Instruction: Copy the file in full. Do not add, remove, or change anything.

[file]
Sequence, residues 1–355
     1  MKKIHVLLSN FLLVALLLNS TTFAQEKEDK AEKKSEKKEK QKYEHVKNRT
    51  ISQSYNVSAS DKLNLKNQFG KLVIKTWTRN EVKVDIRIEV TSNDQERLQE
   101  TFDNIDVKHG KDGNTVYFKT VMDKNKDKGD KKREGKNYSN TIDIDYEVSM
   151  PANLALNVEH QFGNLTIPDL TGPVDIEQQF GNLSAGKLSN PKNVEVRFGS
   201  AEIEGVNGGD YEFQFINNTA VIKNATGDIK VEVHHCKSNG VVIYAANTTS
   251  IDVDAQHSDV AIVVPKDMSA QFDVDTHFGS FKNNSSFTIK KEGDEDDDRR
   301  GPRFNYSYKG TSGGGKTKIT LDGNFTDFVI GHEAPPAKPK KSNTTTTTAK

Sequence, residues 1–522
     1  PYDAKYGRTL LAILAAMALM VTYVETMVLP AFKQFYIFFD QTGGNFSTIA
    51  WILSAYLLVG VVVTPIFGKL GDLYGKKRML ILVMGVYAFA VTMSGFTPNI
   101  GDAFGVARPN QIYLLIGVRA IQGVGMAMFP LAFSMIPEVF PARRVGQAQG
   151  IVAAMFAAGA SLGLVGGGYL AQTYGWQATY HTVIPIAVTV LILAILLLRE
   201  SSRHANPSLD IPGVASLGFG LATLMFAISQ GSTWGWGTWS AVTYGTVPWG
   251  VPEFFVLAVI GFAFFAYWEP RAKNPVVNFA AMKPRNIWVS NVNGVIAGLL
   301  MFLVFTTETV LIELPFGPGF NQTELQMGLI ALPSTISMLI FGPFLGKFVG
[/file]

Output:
Sequence, residues 1–355
     1  MKKIHVLLSN FLLVALLLNS TTFAQEKEDK AEKKSEKKEK QKYEHVKNRT
    51  ISQSYNVSAS DKLNLKNQFG KLVIKTWTRN EVKVDIRIEV TSNDQERLQE
   101  TFDNIDVKHG KDGNTVYFKT VMDKNKDKGD KKREGKNYSN TIDIDYEVSM
   151  PANLALNVEH QFGNLTIPDL TGPVDIEQQF GNLSAGKLSN PKNVEVRFGS
   201  AEIEGVNGGD YEFQFINNTA VIKNATGDIK VEVHHCKSNG VVIYAANTTS
   251  IDVDAQHSDV AIVVPKDMSA QFDVDTHFGS FKNNSSFTIK KEGDEDDDRR
   301  GPRFNYSYKG TSGGGKTKIT LDGNFTDFVI GHEAPPAKPK KSNTTTTTAK

Sequence, residues 1–522
     1  PYDAKYGRTL LAILAAMALM VTYVETMVLP AFKQFYIFFD QTGGNFSTIA
    51  WILSAYLLVG VVVTPIFGKL GDLYGKKRML ILVMGVYAFA VTMSGFTPNI
   101  GDAFGVARPN QIYLLIGVRA IQGVGMAMFP LAFSMIPEVF PARRVGQAQG
   151  IVAAMFAAGA SLGLVGGGYL AQTYGWQATY HTVIPIAVTV LILAILLLRE
   201  SSRHANPSLD IPGVASLGFG LATLMFAISQ GSTWGWGTWS AVTYGTVPWG
   251  VPEFFVLAVI GFAFFAYWEP RAKNPVVNFA AMKPRNIWVS NVNGVIAGLL
   301  MFLVFTTETV LIELPFGPGF NQTELQMGLI ALPSTISMLI FGPFLGKFVG